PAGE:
Corner Column

By Phil Major
Posted 4/15/21

Do you read the public notices? It’s OK to admit if you don’t, but you could be missing out on some important information.

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Corner Column


Let’s talk about public notices.

When local residents learned that a concrete batch plant was proposed near the entrance to the Mineola Nature Preserve, a hue and cry went up opposing this action.

How did local citizens learn about the proposal?

Through a required public notice published in the local paper.

Do you read the public notices? It’s OK to admit if you don’t, but you could be missing out on some important information.

Like something happening on the property next door. Maybe it’s not a concrete batch plant, but it could be a taller sign for a business or a different type of residential structure than what you might be accustomed. Or it could be sold at a tax sale.

Notices are also posted each year showing what property tax rate is proposed for cities, school districts, counties and other entities. Other notices alert you to budget hearings where you can learn how that money will be spent and speak your mind if you disagree.

They alert you to when the next election will be and how to participate.

And these notices are published because they are required by state law, not because of the altruism of those in charge of government entities.

Laws requiring certain notices have been eroding for years, thanks to state legislators who don’t understand that the public’s business is still the public’s business. It is our money they’re spending, after all.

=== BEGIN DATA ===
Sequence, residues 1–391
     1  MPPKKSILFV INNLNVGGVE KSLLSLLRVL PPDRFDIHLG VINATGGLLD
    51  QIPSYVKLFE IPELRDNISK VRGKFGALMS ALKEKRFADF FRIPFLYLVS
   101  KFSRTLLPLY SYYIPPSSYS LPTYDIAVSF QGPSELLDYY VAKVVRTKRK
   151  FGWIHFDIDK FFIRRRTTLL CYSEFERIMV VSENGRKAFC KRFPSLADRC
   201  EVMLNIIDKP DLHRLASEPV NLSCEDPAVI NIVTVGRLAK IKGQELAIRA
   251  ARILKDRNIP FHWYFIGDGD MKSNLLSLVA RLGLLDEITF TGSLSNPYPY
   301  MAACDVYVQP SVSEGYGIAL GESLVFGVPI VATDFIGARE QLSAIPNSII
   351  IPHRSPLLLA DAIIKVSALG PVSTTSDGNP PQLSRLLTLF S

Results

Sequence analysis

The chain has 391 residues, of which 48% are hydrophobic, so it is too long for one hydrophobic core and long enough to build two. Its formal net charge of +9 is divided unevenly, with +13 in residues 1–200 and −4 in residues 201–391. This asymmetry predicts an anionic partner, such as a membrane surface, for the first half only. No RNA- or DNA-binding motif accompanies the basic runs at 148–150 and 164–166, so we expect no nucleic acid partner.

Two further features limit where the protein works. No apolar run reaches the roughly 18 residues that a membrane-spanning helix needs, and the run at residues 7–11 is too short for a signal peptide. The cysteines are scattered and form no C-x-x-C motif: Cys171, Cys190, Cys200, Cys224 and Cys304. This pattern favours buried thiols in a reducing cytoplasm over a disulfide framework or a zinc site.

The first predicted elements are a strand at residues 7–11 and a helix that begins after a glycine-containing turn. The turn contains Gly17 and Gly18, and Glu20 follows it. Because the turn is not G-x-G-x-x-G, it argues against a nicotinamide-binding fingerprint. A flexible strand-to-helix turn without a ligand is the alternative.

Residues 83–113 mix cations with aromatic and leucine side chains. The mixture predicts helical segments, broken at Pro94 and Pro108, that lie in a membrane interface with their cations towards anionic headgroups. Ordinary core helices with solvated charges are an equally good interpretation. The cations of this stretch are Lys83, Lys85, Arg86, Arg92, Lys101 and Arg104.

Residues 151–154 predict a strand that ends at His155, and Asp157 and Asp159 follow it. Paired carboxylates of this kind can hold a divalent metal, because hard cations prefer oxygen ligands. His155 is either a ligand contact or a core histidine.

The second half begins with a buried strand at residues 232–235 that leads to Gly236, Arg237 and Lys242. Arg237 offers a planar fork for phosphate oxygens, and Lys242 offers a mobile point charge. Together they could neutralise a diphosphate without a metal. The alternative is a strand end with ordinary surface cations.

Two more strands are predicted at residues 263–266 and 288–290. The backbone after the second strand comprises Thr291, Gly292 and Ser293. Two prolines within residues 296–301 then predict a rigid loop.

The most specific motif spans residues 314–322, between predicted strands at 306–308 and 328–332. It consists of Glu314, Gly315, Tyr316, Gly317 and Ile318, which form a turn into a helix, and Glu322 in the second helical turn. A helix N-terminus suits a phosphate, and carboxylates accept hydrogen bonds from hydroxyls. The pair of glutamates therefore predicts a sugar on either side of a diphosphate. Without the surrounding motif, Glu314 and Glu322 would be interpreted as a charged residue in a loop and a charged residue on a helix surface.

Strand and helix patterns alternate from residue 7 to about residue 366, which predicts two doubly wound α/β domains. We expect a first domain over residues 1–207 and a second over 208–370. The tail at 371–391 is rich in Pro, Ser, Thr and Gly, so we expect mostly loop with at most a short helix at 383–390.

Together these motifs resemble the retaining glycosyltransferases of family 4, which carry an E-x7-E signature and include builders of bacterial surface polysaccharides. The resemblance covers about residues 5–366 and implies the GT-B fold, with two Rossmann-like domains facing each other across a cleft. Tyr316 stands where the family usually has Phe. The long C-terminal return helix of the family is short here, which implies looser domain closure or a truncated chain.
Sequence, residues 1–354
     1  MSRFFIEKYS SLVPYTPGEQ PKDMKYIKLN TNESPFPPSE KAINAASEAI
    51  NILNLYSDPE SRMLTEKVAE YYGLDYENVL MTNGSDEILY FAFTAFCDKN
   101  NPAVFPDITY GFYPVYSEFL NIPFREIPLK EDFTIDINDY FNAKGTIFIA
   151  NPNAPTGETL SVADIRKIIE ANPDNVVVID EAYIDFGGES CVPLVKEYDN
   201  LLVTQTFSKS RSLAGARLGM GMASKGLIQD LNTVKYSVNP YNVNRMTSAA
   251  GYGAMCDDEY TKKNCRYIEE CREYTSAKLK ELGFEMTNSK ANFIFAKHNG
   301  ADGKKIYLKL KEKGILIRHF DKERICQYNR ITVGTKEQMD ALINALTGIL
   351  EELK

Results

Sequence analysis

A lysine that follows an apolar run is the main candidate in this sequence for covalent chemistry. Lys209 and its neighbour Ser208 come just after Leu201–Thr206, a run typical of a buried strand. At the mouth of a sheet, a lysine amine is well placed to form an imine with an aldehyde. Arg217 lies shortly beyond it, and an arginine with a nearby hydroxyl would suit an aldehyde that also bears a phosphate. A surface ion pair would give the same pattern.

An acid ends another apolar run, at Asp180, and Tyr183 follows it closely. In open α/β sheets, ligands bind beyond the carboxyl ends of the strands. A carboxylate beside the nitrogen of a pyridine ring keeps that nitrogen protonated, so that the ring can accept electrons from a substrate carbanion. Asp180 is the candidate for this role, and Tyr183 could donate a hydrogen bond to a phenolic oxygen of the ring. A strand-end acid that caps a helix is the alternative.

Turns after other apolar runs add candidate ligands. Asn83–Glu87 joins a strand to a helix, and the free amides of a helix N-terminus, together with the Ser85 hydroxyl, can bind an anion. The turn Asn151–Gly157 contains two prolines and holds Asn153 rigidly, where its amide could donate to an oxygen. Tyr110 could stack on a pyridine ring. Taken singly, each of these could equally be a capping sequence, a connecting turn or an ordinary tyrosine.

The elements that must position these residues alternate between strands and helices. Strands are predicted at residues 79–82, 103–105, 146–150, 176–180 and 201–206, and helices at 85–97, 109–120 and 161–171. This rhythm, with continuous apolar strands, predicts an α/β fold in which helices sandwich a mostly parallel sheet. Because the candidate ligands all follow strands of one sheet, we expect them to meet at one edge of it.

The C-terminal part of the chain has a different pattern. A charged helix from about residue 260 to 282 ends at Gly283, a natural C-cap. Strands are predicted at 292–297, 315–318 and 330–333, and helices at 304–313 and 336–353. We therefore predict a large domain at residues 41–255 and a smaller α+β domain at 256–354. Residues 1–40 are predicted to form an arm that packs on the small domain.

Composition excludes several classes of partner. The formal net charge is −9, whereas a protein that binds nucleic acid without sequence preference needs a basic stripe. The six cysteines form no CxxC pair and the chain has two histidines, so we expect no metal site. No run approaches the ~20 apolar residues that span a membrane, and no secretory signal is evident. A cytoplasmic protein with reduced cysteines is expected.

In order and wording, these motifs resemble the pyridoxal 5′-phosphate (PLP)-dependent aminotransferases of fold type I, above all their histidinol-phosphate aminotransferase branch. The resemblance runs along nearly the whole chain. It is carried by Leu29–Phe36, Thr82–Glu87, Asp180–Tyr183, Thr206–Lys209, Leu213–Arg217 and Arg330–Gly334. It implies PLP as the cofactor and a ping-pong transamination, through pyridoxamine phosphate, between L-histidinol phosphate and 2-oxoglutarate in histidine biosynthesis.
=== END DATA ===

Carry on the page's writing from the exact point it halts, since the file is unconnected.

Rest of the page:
It is a battle for the state press association every time the legislature meets to fight off this erosion.

You may not believe this, but there are those in government who would like to “hide” certain things from you, the taxpayer.

One particularly egregious bill in the works now would create a statewide website for notices. Now isn’t that something you will look up every week to see what might be going on in your community? At the end of your busy day, I’m sure that will be at the top of your list to do when you get home.

In addition to putting notices in places where they most likely won’t be found, your tax dollars will pay to set up and maintain this site. And there’s no guarantee how user-friendly it might be.

And what about folks who still lack internet access? As school districts discovered when trying to educate kids remotely when they were forced to close campuses, that’s a real problem. Some might even call it discriminatory.

And perhaps the most important reason to maintain public notices in newspapers rather than a government-operated website? How comfortable do you feel with the fox guarding the hen house? Newspapers serve as a third-party watchdog, independent of the entities posting the notices.

Who’s to say a hacker bent on destruction or a rogue government employee couldn’t or wouldn’t alter a notice? Or “accidentally” delete one.

By having them published independently, they are carved in stone, so to speak – a historical record that cannot be altered or denied.

Because of this one required notice, local citizens had a fighting chance, and late Monday we received word that the plant owners would seek a new location.